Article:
What if React Native could be used to build high-fidelity apps AND add more than 11 platforms to its reach?

When I first heard of React Native (RN) back in Fall 2016, the You.i TV Engineering team was beginning the work of providing a Javascript (JS) binding for our You.i Engine SDK by using code generation to create binding code for multiple JS engines.

Having only heard the elevator pitch, I assumed that it was just a UI framework that we could use to sit on top of our JS APIs, but I quickly learned that RN was an entire framework and workflow, rather than just a JS library. It achieves cross-platform support by mapping JS methods to native methods, which I like to call a pass-through approach.

I have a soft spot for JS bindings for C++ APIs. Shipping more than 500 million copies of an SVG player on mobile devices and using multiple scripting engines to bind the SVG DOM API to JS was where it all started for me back in 2003. Naturally, React Native sparked my curiosity and I took some time to dig into the approach.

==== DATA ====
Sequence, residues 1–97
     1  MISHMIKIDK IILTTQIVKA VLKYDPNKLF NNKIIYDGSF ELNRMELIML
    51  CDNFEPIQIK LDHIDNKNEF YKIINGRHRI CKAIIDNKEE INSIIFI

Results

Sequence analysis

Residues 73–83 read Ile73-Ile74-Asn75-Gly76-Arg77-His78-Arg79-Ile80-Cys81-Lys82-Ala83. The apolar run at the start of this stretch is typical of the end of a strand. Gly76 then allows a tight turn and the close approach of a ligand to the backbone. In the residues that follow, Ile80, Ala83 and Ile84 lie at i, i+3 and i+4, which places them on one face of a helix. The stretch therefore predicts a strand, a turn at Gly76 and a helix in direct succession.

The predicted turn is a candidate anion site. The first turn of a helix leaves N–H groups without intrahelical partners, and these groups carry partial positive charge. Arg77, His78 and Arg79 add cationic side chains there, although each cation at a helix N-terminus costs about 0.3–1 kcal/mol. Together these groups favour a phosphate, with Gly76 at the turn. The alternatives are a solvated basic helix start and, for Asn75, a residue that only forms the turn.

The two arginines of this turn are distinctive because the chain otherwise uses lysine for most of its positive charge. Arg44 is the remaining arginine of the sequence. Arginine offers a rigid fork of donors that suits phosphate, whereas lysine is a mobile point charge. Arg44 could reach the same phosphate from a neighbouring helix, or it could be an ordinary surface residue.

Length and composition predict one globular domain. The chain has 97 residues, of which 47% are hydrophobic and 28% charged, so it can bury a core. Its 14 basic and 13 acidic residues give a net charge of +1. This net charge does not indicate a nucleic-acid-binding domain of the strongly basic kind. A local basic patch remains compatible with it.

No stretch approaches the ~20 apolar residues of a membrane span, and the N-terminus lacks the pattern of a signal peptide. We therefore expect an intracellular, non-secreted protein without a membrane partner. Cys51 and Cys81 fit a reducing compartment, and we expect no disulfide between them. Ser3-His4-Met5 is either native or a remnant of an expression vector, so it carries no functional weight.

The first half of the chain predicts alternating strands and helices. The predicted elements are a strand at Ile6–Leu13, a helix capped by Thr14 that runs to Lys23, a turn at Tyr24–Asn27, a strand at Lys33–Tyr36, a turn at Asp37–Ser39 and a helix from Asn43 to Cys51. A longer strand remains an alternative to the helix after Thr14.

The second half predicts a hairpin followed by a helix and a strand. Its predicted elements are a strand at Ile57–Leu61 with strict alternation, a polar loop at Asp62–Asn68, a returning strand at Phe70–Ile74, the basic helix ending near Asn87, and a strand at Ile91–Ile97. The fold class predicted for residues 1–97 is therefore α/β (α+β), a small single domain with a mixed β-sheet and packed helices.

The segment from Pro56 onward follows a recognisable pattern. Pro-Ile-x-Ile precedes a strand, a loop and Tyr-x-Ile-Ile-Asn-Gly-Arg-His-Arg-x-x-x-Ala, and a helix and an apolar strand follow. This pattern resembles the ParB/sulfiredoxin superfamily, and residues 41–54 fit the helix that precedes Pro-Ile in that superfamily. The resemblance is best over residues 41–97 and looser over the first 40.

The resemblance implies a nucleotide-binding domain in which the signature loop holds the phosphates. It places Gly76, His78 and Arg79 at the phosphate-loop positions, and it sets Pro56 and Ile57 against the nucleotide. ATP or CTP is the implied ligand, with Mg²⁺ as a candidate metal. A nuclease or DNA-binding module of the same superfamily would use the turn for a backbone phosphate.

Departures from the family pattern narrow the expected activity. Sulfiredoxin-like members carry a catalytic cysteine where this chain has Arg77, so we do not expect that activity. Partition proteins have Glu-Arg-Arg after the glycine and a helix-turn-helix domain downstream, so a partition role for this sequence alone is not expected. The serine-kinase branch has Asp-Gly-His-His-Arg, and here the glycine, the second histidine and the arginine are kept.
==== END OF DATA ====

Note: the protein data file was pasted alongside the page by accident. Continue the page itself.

So here were my initial thoughts about RN.

RN has many benefits, but for me the top three are:

  1. it enables JS for application development without needing a web view,
  2. it removes the performance bottleneck of a web browser by going native, and
  3. it opens the doorway to sharing a percentage of web code written in React.

It was a compelling start and enough to keep me interested. However, there were three limitations that were also striking;

  1. Lowest common denominator apps
    This is a typical challenge for ‘pass-through’ cross-platform approaches. The more platforms that are supported, the more complex it becomes to maintain and find common ground. Since these approaches need to map their abstractions to the native controls, they need to keep up to date as the OSs change and progress. Because of this abstraction, it typically leads to ‘lowest-common-denominator’ apps, or ones that don’t quite leverage all the uniqueness of the native controls but only the common functionality found in each. In my opinion this leads to apps which are generic at best.